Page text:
Susan Barron was born and grew up north of Chicago. She received childhood training in music; graduated from the University of Illinois (Urbana) in pre-medicine; completed advanced degrees in clinical diagnostic chemistry; resumed musical studies and was serendipitously introduced to visual arts by photographer Art Sinsabaugh; lived and photographed in Europe for four years before relocating to New York City in 1974; worked in the field of clinical chemistry until 1994 in order not to compromise art work; now devoting all time to art, making collages, drawings, etchings and other ink prints, as well as photographs. Despite its medieval tendencies, Barron’s work is listed in both editions (1993 & 2000) of A Dictionary of the Avant-Gardes.
Barron’s work is included in the permanent collections of the following museums: The Metropolitan Museum of Art; Philadelphia Museum of Art; Victoria & Albert Museum; Museum of Modern Art; The Fitzwilliam Museum; The Jewish Museum; The Getty Center & Museum; Altes Museum of Berlin; Detroit Institute of Art; The Israel Museum and Rijksmuseum Meermanno-Westreenianum. Her work has also been acquired by rare book repositories at the New York Public Library; The Rosenwald Collection at The Library of Congress; The Newberry Library of Chicago; The Royal Library of the Netherlands; Bibliothèque Nationale of France; Princeton University Library and The Pierpont Morgan Library, as well as countless university rare book libraries and Special Collections around the world. Private collectors include Mr. & Mrs. Paul Mellon and Ruth & Marvin Sackner in the U. S., and André Jammes in Paris.
Solo exhibits have been presented in New York, Chicago, St. Louis, Philadelphia, Wilmington, Northampton, London, Cologne and Paris. Group shows include the Metropolitan Museum of Art, Philadelphia Museum of Art, The Israel Museum, The Whitney Museum of American Art, New Britain Museum of Art, The Dual Muse, Washington University Art Museum (St. Louis), and The Next Word at the Newberger Museum. Portfolios have been published in Camera, Creative Camera, and Aperture. A Dreyfuss Fellowship recipient at The MacDowell Colony, Barron also received a year-long artist-in-residence fellowship in Israel. She received Artist’s Grants from the New York State Council on the Arts (Photography), The Polaroid Corporation, and the National Endowment for the Arts (Works on Paper).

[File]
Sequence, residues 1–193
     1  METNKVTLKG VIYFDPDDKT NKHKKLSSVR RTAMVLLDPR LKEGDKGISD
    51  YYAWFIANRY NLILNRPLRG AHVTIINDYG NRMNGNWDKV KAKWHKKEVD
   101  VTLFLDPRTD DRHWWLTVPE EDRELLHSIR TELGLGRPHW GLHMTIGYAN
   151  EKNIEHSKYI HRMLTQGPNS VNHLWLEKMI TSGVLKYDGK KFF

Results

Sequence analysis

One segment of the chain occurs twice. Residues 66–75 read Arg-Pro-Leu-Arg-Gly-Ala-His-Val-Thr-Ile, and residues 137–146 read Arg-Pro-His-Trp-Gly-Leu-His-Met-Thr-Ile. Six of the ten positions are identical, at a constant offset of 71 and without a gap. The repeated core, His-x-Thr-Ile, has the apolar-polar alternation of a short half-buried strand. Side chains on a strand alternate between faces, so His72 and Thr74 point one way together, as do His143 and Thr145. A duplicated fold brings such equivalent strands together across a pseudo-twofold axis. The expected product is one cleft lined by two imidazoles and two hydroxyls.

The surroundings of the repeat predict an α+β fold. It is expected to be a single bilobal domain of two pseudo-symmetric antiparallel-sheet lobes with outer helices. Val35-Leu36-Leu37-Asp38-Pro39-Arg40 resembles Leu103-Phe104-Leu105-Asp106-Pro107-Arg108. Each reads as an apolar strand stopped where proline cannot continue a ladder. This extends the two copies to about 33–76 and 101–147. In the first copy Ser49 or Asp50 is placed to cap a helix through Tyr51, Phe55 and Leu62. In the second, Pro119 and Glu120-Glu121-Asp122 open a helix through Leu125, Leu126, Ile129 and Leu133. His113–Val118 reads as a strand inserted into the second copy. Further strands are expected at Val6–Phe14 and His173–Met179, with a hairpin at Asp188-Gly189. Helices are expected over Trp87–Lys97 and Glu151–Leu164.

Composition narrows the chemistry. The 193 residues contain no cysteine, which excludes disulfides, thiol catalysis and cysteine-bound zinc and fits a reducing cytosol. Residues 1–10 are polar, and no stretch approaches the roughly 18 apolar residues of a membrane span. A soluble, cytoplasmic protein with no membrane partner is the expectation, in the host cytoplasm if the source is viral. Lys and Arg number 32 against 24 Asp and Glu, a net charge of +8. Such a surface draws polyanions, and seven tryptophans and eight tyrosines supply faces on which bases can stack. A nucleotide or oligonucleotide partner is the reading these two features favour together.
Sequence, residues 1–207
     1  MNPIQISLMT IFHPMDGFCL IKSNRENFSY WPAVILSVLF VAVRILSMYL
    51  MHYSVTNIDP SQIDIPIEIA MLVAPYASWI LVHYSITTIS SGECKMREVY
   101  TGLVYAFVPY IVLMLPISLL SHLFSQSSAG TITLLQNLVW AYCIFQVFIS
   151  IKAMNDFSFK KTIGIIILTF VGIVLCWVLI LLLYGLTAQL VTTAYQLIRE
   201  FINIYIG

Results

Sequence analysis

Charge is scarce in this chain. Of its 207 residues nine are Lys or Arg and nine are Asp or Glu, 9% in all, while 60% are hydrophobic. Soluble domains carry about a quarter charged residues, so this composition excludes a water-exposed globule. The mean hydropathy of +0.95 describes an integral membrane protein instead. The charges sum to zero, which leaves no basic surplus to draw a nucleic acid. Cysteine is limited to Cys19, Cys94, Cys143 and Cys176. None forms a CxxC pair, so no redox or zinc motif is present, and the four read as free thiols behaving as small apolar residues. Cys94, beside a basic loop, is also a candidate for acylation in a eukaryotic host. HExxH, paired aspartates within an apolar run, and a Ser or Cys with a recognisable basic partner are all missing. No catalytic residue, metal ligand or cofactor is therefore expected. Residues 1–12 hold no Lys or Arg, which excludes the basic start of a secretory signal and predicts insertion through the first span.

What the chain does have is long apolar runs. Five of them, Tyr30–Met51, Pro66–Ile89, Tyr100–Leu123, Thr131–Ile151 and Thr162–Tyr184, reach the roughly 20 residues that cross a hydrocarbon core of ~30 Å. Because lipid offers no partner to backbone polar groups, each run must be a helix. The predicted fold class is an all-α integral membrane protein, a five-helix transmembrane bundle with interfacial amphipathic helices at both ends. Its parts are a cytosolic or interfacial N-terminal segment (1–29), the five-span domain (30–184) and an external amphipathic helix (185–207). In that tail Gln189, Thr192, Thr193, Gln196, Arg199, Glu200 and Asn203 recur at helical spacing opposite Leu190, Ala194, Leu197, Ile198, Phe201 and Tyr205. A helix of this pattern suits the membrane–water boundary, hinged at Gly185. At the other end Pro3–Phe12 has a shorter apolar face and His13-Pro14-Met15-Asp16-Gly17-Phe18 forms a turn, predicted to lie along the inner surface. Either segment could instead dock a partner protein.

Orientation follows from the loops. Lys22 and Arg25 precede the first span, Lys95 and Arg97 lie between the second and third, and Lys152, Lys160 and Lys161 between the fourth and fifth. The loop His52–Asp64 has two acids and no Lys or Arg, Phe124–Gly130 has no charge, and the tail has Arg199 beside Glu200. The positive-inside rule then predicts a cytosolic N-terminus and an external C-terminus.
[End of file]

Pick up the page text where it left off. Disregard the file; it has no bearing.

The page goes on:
A monograph entitled ANOTHER SONG was published in 1981. The limited-edition, hand-made volume contains forty original photographs tipped into an elegant binding. The work inspired a poem by John Cage, which was written especially for this sequence of pictures. The book was shown at The Metropolitan Museum of Art and twice at both the Philadelphia Museum of Art and The Israel Museum. It was also featured in the Art Journal’s issue on ‘Artists and Writers: Collaborations of the 20th Century’. Complete wall exhibitions of ANOTHER SONG have taken place at the University of Illinois Krannert Art Museum, University of Iowa Museum of Art, Drexel University, The Southeast Museum of Photography, St. Louis Center for Contemporary Arts, Smith College, and Printworks Gallery, Chicago, her first non-museum show in eighteen years.
LABYRINTH OF TIME, her fifth book, was completed after a nine-year evolution. The eleven, full leather bound, conventional-looking volumes contain seventy-seven works on paper that open up and unfold to one hundred and fifty-two feet during exhibition. Specially designed cases with fiber-optic lighting display each outstretched volume. All her books contain the originals, not printed reproductions, allowing the viewer to maintain an authentic encounter during the course of reading. The manuscript premiered as a solo exhibition at the Newberry Library of Chicago, traveling on to the Philadelphia Museum of Art and London’s Victoria & Albert Museum. LABYRINTH OF TIME has been met with an enthusiastic critical response in all venues. An academic tour is being planned.
Other major book works include TWISTING SILENCE, MIRROR (her poem transcribed into Braille), JAMAICA MISTAKE (seven drawings and seven poems embedded in the officially recognized urtext of Creation’s seven days) which she is currently adapting for the operatic stage. Others include SENZA ANCORA, EXPE, and CASTING MEMORY, a girdle book, the text of which is scribed onto windowpane vellum in a variant of a 6th century Insular script. The binding is made out of the artist’s own hip bone. She is currently working on a deck of cards and a classic Roman alphabet. Barron works from a studio in Brooklyn. To arrange an appointment to view original works, refer to the contact page.
An archive of the artist’s papers has been established at the Newberry Library of Chicago.